3.2. Tunnels

Regarding tunnel infrastructure, Massimo-Kaiser et al. [149] evaluated how the use of BIM has affected the social and economic aspects of seven different tunnelling projects, resulting in a general benefit. The studies of Wang et al. [150] focused on sustainability. In particular, the authors designed a tunnel using parametric modeling in a visual programming software environment (Dynamo), which allowed them to enhance the geometrical modeling and to perform a carbon emission assessment; thus, the tunnel design could be positively affected by the parameter of sustainability. Yu et al. [151] formulated methods of configuring BIM + VR prototypes to enable the visualization of the physical context of tunnels to enhance emergency response training, in particular regarding fire risks. Borrmann et al. [152] developed a sophisticated framework for the multi-scale geometric–semantic modeling of shield tunnels in subway transport systems, for BIM and GIS applications. The authors placed particular emphasis on providing consistency in representations across the different levels of detail (LoDs), and they proposed a potential extension of IFC for incorporating multi-scale representations of shield tunnels in a manner that enables the automatic and consistent updating of all dependencies on finer levels when an object is modified on a more coarse level. Additionally, Zhou et al.’s paper from 2018 looked at the modification and enhancement of IFC standards for shield tunnels, a common approach for subway tunnel excavation that is not yet properly represented by IFC [153].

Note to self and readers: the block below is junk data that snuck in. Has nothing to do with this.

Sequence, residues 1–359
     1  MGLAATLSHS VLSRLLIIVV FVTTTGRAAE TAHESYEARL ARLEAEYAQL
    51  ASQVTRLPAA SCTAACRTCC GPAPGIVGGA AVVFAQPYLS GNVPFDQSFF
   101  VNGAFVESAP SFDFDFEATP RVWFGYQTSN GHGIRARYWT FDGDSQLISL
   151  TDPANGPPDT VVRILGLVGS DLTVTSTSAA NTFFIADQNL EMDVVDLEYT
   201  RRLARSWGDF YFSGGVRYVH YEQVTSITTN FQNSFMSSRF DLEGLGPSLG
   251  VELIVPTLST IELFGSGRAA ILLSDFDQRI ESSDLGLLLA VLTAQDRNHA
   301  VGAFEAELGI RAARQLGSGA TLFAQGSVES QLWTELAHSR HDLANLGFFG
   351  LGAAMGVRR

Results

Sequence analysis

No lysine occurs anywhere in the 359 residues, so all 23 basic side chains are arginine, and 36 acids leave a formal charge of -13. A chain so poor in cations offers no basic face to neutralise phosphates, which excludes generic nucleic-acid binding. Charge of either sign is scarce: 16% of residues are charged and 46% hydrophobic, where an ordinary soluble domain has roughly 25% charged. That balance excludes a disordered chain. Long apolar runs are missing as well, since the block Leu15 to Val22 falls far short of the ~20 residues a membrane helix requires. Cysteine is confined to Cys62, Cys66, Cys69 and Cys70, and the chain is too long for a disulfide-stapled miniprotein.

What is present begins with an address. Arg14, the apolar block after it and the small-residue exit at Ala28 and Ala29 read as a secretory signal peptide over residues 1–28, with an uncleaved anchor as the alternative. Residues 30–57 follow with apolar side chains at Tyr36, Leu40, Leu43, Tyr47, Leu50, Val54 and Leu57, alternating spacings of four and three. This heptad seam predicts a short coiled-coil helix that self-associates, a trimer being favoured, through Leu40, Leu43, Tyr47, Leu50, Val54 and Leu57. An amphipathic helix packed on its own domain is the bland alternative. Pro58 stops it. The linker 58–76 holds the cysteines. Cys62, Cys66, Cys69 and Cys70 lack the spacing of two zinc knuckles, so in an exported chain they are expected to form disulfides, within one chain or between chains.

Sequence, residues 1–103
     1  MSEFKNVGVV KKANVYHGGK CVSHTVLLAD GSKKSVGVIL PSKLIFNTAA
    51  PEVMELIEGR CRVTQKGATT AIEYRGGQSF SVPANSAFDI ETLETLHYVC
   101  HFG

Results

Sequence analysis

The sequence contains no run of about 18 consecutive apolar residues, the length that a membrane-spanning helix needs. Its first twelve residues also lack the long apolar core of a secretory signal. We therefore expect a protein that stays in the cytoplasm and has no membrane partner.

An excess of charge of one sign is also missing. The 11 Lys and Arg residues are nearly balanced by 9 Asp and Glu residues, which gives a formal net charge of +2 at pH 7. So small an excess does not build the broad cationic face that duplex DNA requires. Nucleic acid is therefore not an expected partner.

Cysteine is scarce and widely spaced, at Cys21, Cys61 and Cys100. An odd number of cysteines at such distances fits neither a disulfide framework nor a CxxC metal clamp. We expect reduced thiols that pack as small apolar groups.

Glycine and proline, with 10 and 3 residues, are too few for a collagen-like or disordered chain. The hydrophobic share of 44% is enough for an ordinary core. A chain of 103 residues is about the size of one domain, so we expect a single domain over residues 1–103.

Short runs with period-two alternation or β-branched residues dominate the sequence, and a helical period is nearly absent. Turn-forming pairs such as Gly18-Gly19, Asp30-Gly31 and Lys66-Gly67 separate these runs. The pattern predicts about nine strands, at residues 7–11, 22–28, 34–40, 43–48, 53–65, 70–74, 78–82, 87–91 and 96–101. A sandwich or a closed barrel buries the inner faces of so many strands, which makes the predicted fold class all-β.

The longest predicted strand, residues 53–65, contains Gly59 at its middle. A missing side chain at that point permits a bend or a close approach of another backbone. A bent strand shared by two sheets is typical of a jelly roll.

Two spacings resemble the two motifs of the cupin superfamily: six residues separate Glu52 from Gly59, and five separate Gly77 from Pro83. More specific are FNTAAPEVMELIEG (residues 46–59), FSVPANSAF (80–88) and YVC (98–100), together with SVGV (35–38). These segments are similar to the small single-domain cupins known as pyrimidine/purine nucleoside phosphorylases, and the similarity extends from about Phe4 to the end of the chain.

3.3. Roads